Pro-life advocates often claim that we live in a "culture of death." But most of us don't believe it. Not really. We may use the phrase as a rhetorical tool but deep in our hearts we think that our family, friends, and neighbors wouldn't knowingly kill another human being.
We convince ourselves that they simply don't realize what they're doing. If only they could see the pictures. If only we could convince them that the "fetus" is a person. If only they knew it was a human life they were destroying. If they only knew, they wouldn't -- they couldn't -- go through with the abortion.
But they do know. And the abortions continue. Not because we live in a culture of death but because we live in a culture of me.
In the fall of 2003, Glamour magazine had an article about a group of abortion clinics called the "November Gang" who encourage women to express their feeling about the procedure by writing them down on a pink, heart-shaped sheet of paper:
Notice that all three of these examples mention God. God forgives. The baby is better off with God. But the last one best sums up the attitude behind the Culture of Me: God thought you should be born but I beg to differ.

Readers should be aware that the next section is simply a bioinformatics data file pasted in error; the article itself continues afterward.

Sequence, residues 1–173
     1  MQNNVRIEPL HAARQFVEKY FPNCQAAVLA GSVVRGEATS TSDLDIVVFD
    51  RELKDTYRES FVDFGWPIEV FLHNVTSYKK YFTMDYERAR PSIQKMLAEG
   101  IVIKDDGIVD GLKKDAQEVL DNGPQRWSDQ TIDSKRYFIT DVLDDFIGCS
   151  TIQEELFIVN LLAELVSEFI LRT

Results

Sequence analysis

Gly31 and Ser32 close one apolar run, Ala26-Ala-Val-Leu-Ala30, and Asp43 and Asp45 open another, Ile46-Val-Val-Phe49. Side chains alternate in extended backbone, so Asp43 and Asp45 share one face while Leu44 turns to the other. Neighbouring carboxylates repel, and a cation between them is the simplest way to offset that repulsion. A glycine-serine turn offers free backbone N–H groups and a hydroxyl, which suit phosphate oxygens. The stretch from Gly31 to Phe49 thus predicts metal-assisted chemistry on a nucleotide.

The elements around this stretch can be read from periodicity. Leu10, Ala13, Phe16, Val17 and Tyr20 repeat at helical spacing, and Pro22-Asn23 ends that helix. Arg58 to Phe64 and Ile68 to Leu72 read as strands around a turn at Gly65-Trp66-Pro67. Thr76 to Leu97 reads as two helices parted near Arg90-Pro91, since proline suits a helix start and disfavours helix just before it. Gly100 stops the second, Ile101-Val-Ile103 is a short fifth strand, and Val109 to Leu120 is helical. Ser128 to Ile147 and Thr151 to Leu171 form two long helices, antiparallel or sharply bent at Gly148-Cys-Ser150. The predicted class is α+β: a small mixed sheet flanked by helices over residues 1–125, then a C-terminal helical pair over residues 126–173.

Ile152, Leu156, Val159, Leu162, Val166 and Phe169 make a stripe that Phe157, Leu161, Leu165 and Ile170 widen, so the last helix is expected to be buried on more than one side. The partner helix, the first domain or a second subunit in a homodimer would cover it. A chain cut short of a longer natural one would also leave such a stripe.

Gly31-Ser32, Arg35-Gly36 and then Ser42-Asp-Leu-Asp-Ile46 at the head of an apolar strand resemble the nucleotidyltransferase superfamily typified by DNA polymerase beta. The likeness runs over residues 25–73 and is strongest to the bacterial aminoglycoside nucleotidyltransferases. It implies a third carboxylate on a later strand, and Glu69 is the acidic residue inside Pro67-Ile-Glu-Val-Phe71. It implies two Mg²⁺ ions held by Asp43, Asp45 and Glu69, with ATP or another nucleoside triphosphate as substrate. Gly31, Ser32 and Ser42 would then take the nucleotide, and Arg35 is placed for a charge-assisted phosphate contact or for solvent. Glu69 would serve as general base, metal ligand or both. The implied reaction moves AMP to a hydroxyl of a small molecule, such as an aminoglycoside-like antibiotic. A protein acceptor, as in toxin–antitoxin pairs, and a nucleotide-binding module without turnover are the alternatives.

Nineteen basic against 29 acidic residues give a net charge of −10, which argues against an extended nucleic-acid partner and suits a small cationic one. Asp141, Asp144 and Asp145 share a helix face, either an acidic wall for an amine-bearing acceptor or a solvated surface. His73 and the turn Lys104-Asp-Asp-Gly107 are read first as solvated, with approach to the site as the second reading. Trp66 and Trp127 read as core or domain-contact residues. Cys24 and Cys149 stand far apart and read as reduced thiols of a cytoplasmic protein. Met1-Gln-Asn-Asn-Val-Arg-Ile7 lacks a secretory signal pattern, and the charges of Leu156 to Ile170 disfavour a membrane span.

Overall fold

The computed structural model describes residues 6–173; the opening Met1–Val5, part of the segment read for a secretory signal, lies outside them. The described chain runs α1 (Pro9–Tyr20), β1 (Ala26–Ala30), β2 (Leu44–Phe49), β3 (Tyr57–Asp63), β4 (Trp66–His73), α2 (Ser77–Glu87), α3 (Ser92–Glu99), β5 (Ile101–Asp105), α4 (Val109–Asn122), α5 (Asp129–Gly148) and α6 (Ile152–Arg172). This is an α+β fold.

While reading these quotes I was reminded of the words of Josef Pieper. In his book Faith, Hope, Love, the Thomist philosopher examines the various meanings and connections between the concepts we use to describe "love." What, he asks, is the "recurrent identity underlying the countless forms of love?"
"My tentative answer to this question runs as follows: In every conceivable case love signifies much the same as approval. This is first of all to be taken in the literal sense of the word's root: loving someone or something means finding him or its probes, the Latin word for 'good.' It is a way of turning to him or it and saying, "It's good that you exist; it's good that you are in the world!"
The opposite of love, therefore, is the attitude that says "It's good that you not exist; it's good that you are not in the world!" No matter what words they chose to scribble on a pink paper heart, this is the message being spoken to these unborn children. While these women were informed that abortion was a reasonable choice, no one told them they were choosing the negation of love.